Learn about water bill assistance programs in South Carolina. Also get information on your rights and laws that protect consumers from the shut off or disconnection. There are in fact some regulations when it comes to turning off water service. Find where to go and who to contact for assistance or additional information. There are places for individuals to turn to when you have questions or if you are faced with a questionable or illegal water service disconnections.
South Carolina regulations state that families and individuals have the right to pay their water bill without incurring any additional fees or late-payment charges. Customers can’t be charged any additional fees provided they pay the bill within 25 days of the date that is shown on your water bill for the current monthly charges.
If you do fall behind for whatever reason, you are provided the right to have at minimum 10 days notice before your water service can be disconnected. This will provide you time to find assistance or make alternate plans for non-payment of your water bill.
If you are faced with a disconnection or are struggling to pay your water bill, you will be provided the right to arrange what is known as a Deferred Payment Plan (DPP). This needs to be provided to customers prior to a scheduled disconnection of their service if they can show that they can’t pay their bill on time. The terms of the payment plan are as follows.
Water utility companies need to work with you and provide the household with the most the most economical rate schedule. There are different plans available and customers have the right to get the most affordable plan for their needs. Other needed actions that must be taking with struggling customers include the South Carolina water provider needs to provide you with a statement of your consumption for the past 12 months and they also need to provide you with an explanation of the utility companies billing procedures.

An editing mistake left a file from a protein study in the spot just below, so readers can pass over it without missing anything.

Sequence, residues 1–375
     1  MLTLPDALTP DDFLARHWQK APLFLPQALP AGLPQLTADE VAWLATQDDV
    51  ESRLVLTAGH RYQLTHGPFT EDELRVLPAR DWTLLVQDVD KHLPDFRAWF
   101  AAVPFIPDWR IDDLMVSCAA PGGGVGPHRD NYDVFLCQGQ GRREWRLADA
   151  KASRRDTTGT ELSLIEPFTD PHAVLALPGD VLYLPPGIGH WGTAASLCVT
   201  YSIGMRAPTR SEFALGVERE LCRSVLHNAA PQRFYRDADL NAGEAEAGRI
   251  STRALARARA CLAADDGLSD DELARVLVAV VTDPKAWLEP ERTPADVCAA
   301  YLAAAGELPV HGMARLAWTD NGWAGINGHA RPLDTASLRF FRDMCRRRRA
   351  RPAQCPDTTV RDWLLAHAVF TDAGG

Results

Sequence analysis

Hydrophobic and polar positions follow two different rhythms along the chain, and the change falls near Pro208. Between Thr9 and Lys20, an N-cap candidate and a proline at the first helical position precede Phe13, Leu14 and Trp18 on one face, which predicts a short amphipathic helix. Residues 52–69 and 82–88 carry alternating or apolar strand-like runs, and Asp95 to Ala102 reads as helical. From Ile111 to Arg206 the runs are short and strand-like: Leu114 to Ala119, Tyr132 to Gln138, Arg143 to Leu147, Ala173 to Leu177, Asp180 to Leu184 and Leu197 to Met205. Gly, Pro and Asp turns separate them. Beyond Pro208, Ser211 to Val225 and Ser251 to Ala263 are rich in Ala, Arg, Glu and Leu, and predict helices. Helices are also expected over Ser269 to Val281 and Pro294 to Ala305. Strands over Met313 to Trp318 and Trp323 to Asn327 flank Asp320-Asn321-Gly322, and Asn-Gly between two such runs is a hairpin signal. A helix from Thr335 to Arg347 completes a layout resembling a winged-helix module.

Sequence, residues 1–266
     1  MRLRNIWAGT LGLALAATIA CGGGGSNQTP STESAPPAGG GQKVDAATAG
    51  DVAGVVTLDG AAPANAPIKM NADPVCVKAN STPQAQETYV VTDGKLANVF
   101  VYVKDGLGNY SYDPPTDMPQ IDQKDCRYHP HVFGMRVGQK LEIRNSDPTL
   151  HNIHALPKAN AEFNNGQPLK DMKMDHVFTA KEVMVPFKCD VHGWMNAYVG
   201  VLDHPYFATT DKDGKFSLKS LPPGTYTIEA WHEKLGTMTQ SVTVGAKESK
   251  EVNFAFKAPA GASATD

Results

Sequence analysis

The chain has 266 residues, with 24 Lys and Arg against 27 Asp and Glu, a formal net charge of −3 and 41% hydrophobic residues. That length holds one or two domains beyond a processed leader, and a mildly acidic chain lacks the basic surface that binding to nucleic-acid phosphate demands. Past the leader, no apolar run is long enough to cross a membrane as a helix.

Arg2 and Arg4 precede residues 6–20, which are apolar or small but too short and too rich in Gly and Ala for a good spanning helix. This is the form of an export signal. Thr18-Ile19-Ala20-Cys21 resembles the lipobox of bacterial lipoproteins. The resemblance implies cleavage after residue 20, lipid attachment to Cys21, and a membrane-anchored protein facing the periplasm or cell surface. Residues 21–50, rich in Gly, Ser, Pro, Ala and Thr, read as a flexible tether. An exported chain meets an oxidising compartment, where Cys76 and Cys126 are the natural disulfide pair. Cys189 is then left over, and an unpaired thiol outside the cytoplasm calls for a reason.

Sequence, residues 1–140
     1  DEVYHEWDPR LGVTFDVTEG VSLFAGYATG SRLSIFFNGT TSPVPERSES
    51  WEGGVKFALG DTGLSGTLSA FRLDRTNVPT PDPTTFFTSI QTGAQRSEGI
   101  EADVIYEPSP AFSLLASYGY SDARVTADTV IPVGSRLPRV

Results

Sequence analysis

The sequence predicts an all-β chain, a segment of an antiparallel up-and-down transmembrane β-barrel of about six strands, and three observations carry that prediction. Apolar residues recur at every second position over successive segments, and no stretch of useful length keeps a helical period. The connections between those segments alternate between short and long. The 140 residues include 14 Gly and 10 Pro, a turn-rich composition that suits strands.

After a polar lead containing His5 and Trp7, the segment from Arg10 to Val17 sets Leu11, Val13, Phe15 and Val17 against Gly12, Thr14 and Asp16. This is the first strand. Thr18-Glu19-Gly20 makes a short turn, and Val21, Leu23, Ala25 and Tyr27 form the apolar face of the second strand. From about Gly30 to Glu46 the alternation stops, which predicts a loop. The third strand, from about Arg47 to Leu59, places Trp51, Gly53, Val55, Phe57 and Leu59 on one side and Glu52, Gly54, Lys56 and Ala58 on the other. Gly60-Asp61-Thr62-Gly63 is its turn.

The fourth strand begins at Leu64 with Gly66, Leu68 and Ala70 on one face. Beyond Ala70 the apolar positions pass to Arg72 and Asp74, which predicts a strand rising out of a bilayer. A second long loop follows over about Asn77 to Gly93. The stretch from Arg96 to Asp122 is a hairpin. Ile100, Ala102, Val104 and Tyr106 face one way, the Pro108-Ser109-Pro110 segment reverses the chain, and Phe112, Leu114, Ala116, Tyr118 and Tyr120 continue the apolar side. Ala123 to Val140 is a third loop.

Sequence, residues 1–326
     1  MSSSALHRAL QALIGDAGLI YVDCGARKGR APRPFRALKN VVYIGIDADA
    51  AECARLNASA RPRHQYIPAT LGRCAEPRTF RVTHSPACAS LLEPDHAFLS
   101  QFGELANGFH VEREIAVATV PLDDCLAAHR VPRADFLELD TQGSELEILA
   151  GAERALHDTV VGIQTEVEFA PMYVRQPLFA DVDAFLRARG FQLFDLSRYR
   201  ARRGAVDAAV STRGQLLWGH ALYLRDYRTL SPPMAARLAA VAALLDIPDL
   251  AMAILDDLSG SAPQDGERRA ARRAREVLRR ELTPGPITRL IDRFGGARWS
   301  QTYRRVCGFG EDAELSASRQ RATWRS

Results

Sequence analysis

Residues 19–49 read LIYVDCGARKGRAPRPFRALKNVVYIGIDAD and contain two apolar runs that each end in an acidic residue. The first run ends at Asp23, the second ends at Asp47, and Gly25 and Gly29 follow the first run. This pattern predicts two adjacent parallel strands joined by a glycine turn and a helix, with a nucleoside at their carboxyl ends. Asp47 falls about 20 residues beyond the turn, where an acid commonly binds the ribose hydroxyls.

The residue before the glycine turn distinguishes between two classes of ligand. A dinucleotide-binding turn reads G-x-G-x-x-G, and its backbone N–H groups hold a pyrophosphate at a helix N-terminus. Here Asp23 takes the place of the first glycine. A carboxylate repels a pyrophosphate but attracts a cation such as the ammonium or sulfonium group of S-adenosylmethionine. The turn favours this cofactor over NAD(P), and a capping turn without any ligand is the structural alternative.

According to the South Carolina Office of Regulatory Staff, families have the right to receive and connect water service if you do not owe money on past due water accounts or debts. The applicant will also need to provide access to your home or apartment and no fees are due if the use of the water does not pose a hazardous or dangerous condition to your neighbors or yourself.
If the South Carolina water company asks you to prove your credit worthiness, then you have the following options available to you and these are some of the approaches a person can take. You just need to show that you have been a customer of the same water company and that you have not had two consecutive 30-day arrearages on your bills in the past 24 months. You can also decide to have a satisfactory guarantor or co-signer on your account to guarantee your bills. Other options available to you can include making a cash deposit up front or providing a letter of good credit from a reliable source and presenting that letter to the water company.
If you decide to purse the cash deposit option, the maximum amount that you will need to pay cannot exceed an amount equal to 2 months of billing for a new customer. The money you pay up front is also a deposit, meaning that if you make a cash deposit with the water company, South Carolina laws and regulations state that you have the right to have your money refunded to you at any time that you discontinue service, less any unpaid balance on your account.
There are also other protections in place. Laws across South Carolina state that you also get interest on your deposit. This means that the money you pay will still grow over time, as customers will have the right to a refund of your security deposit (plus any interest). Once again, if your service was terminated for non-payment or if you have a balance on your account then you may not be entitled to a refund of your deposit as those funds will go to pay off any arrears on the account.
To learn more on any of these water bill payment plans, to get more information on the rights provided to you or details on these assistance programs, dial the South Carolina Office of Regulatory Staff at (803) 737-0800.
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